“The archive has a number of documents that reveal Adams’ feelings about the toil of writing. One page of erratically typed notes outlines his struggles: ‘Today I am monumentally fed up with the idea of writing. I haven’t actually written anything for two days, and that makes me fed up as well’. The same page reveals his struggles with the legacy of The Hitchhiker’s Guide to the Galaxy: ‘Arthur Dent is a burk. He does not interest me. Ford Prefect is a burk. He does not interest me. Zaphod Beeblebrox is a burk. He does not interest me. Marvin is a burk. He does not interest me. The Hitchhiker’s Guide to the Galaxy is a burk. It does not interest me.’ But then, in typical Adamsesque fashion, his complaining quickly morphs into an imagined conversation with a giant dragon called Lionel.

“Elsewhere, his ‘General Note to Myself’ is motivational: ‘Writing isn’t so bad really when you get through the worry. Forget about the worry, just press on. Don’t be embarrassed about the bad bits. Don’t strain at them… But writing can be good. You attack it, don’t let it attack you. You can get pleasure out of it. You can certainly do very well for yourself with it.”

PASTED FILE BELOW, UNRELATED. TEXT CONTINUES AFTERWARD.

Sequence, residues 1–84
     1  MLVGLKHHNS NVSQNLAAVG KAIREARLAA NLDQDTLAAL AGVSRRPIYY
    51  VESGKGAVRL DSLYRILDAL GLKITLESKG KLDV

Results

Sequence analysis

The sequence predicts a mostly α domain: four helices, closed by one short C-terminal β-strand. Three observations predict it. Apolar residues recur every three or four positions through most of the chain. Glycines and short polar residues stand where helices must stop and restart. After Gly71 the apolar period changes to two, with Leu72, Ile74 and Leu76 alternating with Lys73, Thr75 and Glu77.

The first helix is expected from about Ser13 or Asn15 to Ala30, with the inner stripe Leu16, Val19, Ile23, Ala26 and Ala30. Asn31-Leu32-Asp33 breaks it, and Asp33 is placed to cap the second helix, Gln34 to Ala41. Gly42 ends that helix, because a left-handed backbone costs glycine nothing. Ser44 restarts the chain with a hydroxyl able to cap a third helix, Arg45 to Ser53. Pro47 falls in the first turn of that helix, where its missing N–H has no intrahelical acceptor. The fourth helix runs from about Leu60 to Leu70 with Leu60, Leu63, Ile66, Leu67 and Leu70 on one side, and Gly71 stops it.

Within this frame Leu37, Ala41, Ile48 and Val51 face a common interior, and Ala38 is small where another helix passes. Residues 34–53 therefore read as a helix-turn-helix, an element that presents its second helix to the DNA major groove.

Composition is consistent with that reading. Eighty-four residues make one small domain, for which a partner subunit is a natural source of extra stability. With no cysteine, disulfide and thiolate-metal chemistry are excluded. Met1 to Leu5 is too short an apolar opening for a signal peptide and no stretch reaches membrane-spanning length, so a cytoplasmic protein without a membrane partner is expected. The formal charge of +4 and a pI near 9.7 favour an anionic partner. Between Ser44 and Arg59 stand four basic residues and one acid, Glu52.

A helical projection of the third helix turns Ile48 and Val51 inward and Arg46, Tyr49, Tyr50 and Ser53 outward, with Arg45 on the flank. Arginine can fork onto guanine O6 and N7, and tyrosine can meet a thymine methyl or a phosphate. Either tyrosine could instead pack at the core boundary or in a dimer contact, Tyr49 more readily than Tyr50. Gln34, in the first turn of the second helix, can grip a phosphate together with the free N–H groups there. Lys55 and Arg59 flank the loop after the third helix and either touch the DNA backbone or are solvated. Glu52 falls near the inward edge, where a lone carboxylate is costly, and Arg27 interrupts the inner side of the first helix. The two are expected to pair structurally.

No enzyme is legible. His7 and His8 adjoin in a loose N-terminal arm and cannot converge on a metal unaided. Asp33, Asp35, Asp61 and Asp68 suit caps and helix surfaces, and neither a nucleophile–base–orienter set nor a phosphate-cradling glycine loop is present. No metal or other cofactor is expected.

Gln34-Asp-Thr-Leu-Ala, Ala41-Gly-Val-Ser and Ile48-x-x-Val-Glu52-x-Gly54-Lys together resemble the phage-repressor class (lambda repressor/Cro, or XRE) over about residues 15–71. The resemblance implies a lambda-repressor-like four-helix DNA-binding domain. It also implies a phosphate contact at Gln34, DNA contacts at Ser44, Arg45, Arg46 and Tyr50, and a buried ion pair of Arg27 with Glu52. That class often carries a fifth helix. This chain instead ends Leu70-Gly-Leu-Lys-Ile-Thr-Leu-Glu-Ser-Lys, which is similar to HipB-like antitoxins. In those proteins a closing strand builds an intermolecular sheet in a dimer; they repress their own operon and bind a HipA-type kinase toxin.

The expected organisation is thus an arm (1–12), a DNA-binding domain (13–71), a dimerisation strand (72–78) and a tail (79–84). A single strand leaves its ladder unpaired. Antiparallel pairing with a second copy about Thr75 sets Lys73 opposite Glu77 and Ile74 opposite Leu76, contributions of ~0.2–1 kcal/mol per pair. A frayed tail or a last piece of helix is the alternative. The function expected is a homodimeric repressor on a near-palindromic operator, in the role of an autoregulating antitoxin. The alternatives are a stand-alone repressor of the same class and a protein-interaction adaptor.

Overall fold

Commenting on the new project, Douglas Adams’s family said: “What Douglas loved more than a good idea was sharing a good idea, and whether it was the 1st or 100th time you had heard it, his obvious delight never diminished. We have enjoyed working with Unbound to share some of that delight with you.”


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Does Your Library Hold The Secret To Happiness

If you visit Travel Between The Pages on a regular basis, you probably have noticed that I am a big-time evangelist for libraries and that I really like infographics. The graphics below show how libraries can help patrons not only learn much-needed skills but also live happier lives and be creative in trying new things. They were designed and published back in 2018 as an outcome of projects running within the UK’s innovation fund Libraries: Opportunities for Everyone (LOFE).

The infographics demonstrate what the library services learned from the projects. Backed by facts, statistics, and opinions from project participants, they are a source of inspiration for library proponents. You can read the full evaluation of the LOFE project here.